Senari: Remember when there were cassettes?
Booman: I know! I still have a box, haha
Senari: How do you feel about the response club is getting right now? It’s exciting!
Booman: The response is incredible! I watched this music go from something that was strictly local, to being booked in places like Helsinki and having major players in the music industry bid on me signing for production.
Senari: I know that some people have questioned the “integrity” of newer club production. I love it… but, you know… some people are molding it for the mainstream, Karizma set the precedent long ago with going funky-house on us…. and there’s obviously the huge hipster following now. How do you feel about it? Has it affected your production at all?
Booman: The way club is evolving is great when it is good! We all wanted to take it in the song format direction years ago but some folks weren’t ready for it back then. My thing is if it bangs, I love it. Club is not the only genre that has suffered from microwave producers so the problem is with all music. I have evolved my production to change with the times while keeping the grittiness of the original style. The only way to remain relevant is to adapt so I have no problem with change as long as it’s good. We have a ton of releases coming from Bmoreoriginal this year…stay tuned!
Senari: Yeah, I grew up on your club… I know exactly what you’re saying. Someone was trying to tell me that the “grittiness” of club music promotes negativity and a violent lifestyle. Do you think there’s a dissonance between what club music implies and what actually is?
Booman: Club music definitely reflects the aggressiveness of living in this city. Club music, in many ways, was created the same way hip hop music was. The conditions of this city were… and still are… bad in the inner city… so it’s a way of escape. When Rod Lee says “Dance my pain away” that shit is real! For that five or six hours that these kids are at Paradox or Choices sweating their brains out dancing and having fun, that’s five or six hours of aggression the citizens of Baltimore don’t have to encounter. Things are bad in the inner city here… so club reflects that, but at the same time it can be therapeutic.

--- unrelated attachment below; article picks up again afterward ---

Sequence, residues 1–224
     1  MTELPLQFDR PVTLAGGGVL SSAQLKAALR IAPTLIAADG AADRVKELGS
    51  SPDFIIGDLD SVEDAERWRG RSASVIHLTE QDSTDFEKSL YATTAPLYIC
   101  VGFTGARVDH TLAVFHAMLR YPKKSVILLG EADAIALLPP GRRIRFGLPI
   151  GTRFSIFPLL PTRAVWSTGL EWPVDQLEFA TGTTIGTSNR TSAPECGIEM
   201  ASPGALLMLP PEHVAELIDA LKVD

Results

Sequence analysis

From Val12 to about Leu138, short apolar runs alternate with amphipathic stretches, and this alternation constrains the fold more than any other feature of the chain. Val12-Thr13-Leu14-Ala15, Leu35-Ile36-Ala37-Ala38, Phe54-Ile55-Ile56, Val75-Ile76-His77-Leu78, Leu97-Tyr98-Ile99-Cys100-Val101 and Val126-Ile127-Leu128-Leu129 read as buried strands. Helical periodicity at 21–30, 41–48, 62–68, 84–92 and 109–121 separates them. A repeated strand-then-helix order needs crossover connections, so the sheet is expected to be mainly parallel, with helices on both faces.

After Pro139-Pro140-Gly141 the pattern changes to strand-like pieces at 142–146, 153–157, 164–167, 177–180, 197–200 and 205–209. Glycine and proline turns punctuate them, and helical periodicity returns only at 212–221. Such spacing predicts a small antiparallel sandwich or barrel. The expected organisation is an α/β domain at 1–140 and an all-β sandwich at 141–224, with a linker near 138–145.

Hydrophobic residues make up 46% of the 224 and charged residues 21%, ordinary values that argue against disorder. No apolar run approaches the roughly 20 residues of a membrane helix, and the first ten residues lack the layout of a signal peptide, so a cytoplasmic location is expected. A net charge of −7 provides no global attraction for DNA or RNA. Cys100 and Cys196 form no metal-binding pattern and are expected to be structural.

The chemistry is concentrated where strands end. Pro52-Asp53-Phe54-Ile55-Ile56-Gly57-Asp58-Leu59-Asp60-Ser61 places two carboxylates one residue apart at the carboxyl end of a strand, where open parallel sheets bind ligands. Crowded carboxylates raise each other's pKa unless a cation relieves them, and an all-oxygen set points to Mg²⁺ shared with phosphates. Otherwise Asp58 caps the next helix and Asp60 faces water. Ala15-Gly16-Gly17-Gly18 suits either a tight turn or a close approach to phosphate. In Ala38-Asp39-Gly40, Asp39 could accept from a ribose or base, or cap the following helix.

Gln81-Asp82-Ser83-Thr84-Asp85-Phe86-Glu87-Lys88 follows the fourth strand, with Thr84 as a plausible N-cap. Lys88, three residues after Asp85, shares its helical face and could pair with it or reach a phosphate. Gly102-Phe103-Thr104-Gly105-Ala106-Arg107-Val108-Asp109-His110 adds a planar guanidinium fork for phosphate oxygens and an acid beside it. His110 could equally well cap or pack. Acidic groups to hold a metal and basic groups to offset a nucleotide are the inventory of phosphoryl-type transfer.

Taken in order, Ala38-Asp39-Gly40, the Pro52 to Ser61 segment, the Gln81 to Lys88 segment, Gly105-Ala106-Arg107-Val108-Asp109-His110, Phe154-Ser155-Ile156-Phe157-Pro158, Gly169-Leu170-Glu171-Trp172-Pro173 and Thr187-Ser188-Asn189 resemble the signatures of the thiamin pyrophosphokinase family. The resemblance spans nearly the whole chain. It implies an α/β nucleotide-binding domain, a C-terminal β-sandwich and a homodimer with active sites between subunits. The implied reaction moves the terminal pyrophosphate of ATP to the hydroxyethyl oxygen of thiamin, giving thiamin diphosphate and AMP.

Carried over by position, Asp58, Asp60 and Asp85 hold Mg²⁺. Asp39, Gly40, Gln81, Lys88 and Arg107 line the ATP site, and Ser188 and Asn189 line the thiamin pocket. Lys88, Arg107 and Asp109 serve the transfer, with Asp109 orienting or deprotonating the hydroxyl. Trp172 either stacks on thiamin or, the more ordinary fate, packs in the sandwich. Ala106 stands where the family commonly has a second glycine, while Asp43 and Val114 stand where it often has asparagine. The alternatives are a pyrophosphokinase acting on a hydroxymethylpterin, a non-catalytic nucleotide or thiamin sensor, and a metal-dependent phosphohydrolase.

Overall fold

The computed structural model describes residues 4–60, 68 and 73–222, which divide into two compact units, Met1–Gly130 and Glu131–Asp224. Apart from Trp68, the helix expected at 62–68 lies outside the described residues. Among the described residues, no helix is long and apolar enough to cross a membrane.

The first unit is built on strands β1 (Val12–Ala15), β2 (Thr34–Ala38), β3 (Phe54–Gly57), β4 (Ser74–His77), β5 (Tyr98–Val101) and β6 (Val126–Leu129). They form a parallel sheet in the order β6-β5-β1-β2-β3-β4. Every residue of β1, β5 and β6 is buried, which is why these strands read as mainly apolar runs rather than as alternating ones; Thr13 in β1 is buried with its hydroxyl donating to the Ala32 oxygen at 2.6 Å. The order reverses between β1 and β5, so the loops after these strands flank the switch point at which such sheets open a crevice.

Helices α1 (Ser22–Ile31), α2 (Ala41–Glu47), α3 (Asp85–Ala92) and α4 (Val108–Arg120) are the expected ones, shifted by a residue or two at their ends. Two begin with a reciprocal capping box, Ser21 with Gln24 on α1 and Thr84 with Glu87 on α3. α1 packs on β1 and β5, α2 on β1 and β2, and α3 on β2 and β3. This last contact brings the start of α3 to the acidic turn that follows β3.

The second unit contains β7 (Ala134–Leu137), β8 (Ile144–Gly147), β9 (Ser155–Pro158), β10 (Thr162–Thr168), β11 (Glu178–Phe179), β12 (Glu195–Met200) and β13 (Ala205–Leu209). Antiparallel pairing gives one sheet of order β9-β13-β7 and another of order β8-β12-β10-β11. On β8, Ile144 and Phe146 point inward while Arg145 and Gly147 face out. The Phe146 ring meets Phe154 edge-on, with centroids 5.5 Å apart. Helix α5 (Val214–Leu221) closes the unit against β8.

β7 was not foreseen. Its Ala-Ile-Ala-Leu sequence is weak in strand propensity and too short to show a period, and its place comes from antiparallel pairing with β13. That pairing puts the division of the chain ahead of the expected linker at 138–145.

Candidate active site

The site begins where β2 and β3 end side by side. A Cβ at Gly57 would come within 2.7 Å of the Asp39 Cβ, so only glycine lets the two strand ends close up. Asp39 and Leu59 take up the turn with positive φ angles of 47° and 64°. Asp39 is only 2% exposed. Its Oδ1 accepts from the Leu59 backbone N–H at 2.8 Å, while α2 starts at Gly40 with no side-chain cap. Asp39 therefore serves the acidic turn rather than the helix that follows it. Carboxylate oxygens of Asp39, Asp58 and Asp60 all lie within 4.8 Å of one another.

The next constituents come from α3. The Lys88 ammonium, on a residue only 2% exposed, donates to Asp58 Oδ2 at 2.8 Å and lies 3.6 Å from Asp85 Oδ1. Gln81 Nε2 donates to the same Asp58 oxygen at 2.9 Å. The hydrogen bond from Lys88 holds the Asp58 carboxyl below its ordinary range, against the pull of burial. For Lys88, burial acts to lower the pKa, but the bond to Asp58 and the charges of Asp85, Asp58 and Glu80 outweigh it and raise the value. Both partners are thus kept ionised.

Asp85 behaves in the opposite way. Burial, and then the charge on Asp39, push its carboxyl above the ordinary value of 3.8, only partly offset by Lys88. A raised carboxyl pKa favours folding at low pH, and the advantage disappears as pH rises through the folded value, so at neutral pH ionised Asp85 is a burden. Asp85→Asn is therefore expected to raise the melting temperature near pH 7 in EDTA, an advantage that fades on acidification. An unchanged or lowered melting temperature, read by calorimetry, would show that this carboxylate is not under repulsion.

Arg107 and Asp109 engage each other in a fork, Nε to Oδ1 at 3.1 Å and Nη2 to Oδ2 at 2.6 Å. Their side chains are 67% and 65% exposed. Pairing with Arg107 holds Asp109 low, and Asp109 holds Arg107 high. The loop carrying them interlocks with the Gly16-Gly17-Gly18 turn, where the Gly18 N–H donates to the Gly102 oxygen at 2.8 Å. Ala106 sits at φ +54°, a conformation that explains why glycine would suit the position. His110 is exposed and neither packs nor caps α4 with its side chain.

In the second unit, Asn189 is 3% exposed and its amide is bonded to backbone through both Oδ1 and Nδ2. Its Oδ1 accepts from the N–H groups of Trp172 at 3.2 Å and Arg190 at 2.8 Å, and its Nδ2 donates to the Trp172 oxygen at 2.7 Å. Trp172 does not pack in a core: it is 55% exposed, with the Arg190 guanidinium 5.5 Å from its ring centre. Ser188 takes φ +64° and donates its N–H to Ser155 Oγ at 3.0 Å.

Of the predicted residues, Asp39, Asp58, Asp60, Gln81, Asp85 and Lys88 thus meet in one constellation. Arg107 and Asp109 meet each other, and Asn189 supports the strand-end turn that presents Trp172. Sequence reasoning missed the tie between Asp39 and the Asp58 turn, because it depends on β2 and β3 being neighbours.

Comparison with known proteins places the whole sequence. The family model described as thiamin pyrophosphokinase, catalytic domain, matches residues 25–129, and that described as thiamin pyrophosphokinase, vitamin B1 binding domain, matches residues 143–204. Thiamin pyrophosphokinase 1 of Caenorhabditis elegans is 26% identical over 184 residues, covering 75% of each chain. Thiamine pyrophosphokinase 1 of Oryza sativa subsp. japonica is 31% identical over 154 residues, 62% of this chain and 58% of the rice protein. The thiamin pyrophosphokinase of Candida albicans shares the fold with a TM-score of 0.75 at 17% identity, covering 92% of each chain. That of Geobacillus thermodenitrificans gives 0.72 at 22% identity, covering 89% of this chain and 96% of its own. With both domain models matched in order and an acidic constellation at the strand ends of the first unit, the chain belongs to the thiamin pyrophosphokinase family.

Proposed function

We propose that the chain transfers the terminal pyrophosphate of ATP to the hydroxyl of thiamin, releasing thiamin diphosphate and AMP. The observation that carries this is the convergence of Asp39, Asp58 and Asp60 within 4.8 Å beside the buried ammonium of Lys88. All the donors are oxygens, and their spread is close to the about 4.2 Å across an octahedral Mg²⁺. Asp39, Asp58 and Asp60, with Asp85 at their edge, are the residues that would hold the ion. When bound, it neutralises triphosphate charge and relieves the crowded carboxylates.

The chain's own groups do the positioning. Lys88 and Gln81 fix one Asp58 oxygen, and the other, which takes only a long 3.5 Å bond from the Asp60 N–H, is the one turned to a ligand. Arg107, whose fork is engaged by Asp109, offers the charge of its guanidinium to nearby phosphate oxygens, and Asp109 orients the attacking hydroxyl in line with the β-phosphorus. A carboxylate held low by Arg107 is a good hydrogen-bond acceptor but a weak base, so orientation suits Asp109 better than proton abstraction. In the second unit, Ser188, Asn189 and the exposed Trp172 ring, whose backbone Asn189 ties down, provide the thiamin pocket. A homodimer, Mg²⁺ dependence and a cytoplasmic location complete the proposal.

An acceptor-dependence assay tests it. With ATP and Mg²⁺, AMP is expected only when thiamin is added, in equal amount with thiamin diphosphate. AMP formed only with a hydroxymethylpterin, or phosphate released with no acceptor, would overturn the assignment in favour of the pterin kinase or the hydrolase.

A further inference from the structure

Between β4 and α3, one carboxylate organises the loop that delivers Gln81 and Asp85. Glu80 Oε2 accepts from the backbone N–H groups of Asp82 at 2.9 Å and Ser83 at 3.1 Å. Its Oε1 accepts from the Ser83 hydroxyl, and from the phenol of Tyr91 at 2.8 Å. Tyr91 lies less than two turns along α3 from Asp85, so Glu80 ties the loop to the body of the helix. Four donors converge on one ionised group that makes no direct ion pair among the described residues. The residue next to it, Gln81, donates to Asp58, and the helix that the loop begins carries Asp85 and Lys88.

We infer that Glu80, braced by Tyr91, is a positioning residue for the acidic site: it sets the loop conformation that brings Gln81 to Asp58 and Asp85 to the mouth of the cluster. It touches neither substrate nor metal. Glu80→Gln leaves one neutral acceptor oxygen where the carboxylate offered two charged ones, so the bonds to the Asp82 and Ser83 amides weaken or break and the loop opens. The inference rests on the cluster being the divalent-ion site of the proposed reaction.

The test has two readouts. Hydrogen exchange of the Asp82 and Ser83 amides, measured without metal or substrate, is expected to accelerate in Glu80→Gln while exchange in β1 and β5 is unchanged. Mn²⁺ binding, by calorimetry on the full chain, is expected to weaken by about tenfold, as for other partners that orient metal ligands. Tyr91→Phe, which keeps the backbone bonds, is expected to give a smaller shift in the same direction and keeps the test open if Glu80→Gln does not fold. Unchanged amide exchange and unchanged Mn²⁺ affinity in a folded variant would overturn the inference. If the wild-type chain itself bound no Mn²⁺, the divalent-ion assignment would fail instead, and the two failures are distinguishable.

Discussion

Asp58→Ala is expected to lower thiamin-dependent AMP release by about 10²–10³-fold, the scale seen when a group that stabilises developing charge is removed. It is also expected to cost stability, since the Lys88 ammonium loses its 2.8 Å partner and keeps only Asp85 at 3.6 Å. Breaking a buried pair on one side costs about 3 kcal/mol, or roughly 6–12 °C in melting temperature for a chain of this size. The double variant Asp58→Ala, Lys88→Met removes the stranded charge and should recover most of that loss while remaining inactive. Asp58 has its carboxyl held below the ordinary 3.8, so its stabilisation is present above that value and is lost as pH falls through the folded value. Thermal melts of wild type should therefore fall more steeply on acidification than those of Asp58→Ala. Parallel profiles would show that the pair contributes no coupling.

Senari: Yeah definitely.
Booman: People who don’t like it… I say buy the clean versions.
Senari: Speaking of, what are some of the things you’re working on? Any secrets you want to tell me?
Booman: I’m working on Mullyman’s album – he is close to a major deal. Jimmy Jones’s album, artists on Bmoreoriginal Records roster, my own album later this year, various remixes! And I can’t spill the beans yet, but when the negotiating is done I’ll be sure to tell you!!
Senari: Haha! Ok lastly, will you produce my first single?
Booman: Absolutely! I’m ready when you are!!!
Senari: Ok but for real – where can people go to find more about you and get more music of yours?
Booman: I always tell people everything /djbooman. My brand is “djbooman” so hit me on Twitter, MySpace, Facebook, Gmail, YouTube. You can purchase my music and download free mixes at www.bmoreoriginal.com